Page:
Sphere Recording Consoles may not be the most recognized name in pro audio, but to those in the know, Sphere represents the holy grail of mixing consoles. [See Wally Wilson's article on Sphere Electronics this issue.] Sphere Recording consoles emerged in the late 1960's as an outgrowth of the legendary Electrodyne and Quad Eight console manufacturers, whose designers and contributors include Dean Jensen, Ed Reichenbach, Jim Hall, Chuck Broneer, and Don McLaughlin. Electrodyne and Quad Eight consoles grew out of the audio technologies developed for the U.S. motion picture industry of the 1940s, and Electrodyne may be credited with designing the standard console channel strip layout, combining a preamp section, equalizer, and output routing section. Quad Eight sold modified and rebranded Electrodyne consoles, and eventually those designs were transferred to a new company called Sphere. Sphere Electronics created a new line of consoles that utilized updated Jim Hall op-amps and Reichenbach transformers for improved preamp and equalizer performance.

During the 1970s, Sphere manufactured over 50 custom mixing consoles for many top studios, musicians, and even the White House. Perhaps 25 complete Sphere consoles remain in use in recording studios throughout Nashville, Memphis, and around the world. The unique Sphere 910 and 920 paragraphic equalizer modules have become highly sought after by both mastering and mixing engineers. Users of the Sphere consoles say the consoles rival the Neve 8068 in sound, and fall somewhere between the warmth and sweetness of the Neve and the clarity of an API. Electrodyne, Quad Eight, and Sphere defined the layout, operation, and electronics of the classic recording console.

Sphere, now based in Nashville and owned by Duncan Rowe (former Primal Gear owner), has recently started manufacturing new preamps based on the original-spec Jim Hall op-amps and Reichenbach transformers. These mic pres are available as a 4-channel, one rack-space unit and a single channel 500 Series module. The Fab Four is their single-rack-space, 4-channel preamp with a black faceplate and minimal controls for each channel. Each channel has a gain knob, switches for phantom power, polarity, and a -15 dB or -30 dB pad. The rear of the unit simply contains one XLR input and one output for each channel, along with a standard IEC power connection. The Fab Four chassis has vents on the top of the chassis, indicating that it would probably be wise to leave some space above it in a rack.

Duncan lent me the 4-channel Fab Four preamp for use during some of my sessions so that I could check out the Sphere sound. I was fortunate enough to have the preamp for use while producing a Latin jazz record for the Rhymoi Music label, and was able to put the unit to work on a variety of instruments. I recorded a lot of acoustic guitar with a variety of microphones, including a pair of vintage Neumann U 67s, some Neumann KM 84s, and an Ehrlund EHR-E. I was able to compare the Fab Four directly to NRG Recording's Neve 1078 with 1073 modules, an API 1608 [Tape Op #81], and Focusrite ISA 215 preamps. On acoustic guitar, the Sphere preamps sounded wonderful - transparent and detailed, but still very solid. The Neve sounded a bit denser than the Fab Four, maybe even slightly compressed, while the API was a bit more present but with a slight metallic resonance in the hi-mids. The Focusrite was even-toned but a bit less present than the others. Even with low output mics, like the Ehrlund EHR-E, and the gain cranked all the up way on the Fab Four, the tone and low noise remained consistent - that is to say, the preamps are extremely well balanced at all gain levels. While my Chandler Little Devil [Tape Op #88] preamp, with its wide tonal range, has become my go-to preamp for acoustic guitars, I would easily put the Fab Four as a top consideration for acoustic guitar duties.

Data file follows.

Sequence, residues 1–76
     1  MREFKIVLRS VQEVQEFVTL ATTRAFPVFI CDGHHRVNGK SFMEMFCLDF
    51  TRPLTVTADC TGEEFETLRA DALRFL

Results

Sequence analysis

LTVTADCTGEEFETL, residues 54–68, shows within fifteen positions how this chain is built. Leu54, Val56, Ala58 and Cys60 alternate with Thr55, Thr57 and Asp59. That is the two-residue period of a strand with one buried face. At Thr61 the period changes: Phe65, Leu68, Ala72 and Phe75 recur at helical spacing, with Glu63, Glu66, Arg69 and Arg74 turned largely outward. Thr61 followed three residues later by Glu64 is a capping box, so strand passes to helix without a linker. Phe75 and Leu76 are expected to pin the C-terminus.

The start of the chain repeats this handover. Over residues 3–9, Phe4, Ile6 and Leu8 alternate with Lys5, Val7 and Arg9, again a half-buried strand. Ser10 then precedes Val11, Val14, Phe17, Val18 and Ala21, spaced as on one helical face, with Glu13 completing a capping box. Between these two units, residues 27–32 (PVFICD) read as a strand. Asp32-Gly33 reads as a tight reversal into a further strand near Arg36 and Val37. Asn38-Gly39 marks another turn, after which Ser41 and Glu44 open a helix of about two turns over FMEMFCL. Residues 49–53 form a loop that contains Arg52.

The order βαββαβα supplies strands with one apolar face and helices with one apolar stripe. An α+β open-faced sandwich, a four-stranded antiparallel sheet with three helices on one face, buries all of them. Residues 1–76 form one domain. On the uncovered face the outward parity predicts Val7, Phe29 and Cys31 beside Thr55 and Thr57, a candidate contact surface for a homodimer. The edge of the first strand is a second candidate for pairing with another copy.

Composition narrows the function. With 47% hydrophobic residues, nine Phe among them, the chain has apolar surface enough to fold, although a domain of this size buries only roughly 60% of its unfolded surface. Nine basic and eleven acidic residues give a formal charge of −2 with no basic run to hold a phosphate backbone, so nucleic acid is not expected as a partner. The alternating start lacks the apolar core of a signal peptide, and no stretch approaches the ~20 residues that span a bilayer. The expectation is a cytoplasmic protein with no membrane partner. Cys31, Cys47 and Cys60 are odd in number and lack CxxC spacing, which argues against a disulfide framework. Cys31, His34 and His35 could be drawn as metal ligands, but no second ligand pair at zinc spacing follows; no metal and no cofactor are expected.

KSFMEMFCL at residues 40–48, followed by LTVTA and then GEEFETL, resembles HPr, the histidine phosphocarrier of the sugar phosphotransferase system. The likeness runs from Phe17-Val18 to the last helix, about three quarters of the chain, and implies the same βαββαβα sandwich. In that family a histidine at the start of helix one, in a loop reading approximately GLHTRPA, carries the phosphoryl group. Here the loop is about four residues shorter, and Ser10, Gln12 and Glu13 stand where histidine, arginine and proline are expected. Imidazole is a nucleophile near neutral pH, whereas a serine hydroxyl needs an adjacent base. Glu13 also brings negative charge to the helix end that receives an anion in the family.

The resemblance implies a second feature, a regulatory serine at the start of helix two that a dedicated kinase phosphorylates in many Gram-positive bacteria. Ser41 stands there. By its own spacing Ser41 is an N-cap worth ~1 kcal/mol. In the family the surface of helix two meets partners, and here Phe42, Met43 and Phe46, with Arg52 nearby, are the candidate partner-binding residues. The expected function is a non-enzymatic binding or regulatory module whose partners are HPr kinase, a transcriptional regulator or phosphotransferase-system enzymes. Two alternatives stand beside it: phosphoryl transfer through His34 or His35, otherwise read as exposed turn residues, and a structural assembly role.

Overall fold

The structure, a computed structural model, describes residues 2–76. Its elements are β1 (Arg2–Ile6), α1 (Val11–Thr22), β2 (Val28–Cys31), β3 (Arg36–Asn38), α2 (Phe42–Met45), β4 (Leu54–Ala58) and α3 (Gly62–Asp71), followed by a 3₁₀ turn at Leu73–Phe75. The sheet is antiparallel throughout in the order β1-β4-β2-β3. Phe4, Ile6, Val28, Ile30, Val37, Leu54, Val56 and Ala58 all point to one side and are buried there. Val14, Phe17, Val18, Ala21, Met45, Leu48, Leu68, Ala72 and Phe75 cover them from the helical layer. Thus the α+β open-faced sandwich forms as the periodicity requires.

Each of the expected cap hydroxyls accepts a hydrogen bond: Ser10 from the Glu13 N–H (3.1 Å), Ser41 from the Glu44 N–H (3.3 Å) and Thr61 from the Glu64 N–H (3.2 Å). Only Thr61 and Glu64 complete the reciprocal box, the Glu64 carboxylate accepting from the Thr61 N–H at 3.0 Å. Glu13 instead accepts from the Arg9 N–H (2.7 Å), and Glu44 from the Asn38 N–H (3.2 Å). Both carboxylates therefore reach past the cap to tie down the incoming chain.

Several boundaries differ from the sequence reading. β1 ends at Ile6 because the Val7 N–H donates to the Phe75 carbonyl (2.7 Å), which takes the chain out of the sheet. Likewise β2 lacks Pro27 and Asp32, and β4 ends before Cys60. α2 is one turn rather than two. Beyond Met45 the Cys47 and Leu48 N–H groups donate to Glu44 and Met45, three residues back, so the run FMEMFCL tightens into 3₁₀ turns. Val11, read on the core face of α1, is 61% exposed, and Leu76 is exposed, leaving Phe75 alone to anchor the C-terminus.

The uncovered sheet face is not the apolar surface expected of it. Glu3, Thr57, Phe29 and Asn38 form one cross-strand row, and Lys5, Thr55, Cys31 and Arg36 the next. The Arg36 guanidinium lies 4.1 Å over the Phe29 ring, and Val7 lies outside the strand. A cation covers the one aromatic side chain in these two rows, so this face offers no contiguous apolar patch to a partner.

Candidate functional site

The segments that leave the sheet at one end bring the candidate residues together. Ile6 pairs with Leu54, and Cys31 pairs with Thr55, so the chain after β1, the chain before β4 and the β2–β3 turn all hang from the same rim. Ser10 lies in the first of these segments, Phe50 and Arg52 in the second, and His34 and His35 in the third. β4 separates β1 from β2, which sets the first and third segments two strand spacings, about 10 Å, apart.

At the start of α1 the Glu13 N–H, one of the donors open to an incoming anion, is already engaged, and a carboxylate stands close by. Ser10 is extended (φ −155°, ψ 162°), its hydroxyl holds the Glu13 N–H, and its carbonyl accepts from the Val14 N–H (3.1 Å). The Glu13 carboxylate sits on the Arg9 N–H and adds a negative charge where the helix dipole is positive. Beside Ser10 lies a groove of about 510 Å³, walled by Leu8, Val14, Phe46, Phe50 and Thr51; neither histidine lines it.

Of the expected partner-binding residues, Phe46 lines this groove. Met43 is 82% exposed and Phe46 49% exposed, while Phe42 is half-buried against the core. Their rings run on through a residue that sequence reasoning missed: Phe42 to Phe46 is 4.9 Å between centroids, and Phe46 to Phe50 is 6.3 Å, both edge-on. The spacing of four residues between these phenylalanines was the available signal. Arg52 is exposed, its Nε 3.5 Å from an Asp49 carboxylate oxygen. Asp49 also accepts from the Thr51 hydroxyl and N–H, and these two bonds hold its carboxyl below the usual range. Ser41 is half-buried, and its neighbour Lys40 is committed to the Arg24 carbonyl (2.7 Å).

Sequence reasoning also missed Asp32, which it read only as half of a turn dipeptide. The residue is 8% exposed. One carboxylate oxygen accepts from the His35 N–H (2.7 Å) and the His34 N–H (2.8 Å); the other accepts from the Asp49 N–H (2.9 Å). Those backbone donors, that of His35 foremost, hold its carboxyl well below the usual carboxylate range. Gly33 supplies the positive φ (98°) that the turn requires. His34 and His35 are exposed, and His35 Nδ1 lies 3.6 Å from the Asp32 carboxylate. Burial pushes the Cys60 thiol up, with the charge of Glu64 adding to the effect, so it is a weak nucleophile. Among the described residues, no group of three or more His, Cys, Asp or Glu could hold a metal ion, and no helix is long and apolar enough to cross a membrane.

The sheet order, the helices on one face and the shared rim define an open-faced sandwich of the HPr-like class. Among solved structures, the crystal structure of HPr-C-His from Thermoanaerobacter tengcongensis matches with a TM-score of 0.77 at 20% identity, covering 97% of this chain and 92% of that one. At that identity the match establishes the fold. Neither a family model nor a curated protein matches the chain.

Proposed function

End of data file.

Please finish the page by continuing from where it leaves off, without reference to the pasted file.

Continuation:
On a drum kit, with a Royer SF-24 as a stereo room mic, the Sphere preamps sounded powerful, solid, and very well balanced. The overall sound was about as real as you could hope for. An API preamp may provide a bit more upper mid excitement, but the Sphere sounded very familiar and three dimensional. On female lead vocals, with a Klaus Heyne modified U 67, the Sphere sounded in-between the Neve 1073 and Focusrite ISA 215. The low end was smooth and clear, like the ISA, and top end was a slightly smoothed as on the 1073. The 1073 perhaps had a bit more high sheen but lost a little low-end focus. I find with ISA preamps that vocals often need a slight boost around 10 or 11 kHz, but I didn't feel that was the case with the Fab Four. The vocal sound of the Fab Four reminded me of the GML 8300's character - thick, natural, and interesting.

I never found a need for the -30 dB pad, even for drums, but that pad does open the opportunity to use the Fab Four as a line driver or makeup gain in an analog summing setup. A Shure Beta 52 on kick didn't overload the preamp even without the -15 dB pad engaged. When using the Fab Four after an A-Designs Audio REDDI [Tape Op #53] on bass, I could actually open up the REDDI's output a bit more than usual and still get clean gain through the Fab Four. I often feel that the REDDI through most console preamps runs on the edge of overload, but the REDDI into the Fab Four provided a solid and clean tone.

The Sphere preamp certainly holds up alongside the classic studio favorite preamps. In addition to the 4-channel Fab Four, Sphere also produces a single channel Fab500 (a 500 Series module with the same circuit and features as the Fab Four). Also, Sphere is currently producing a 16-channel, all discrete Eclipse Alpha 2 console.

Tape Op is a bi-monthly magazine devoted to the art of record making.

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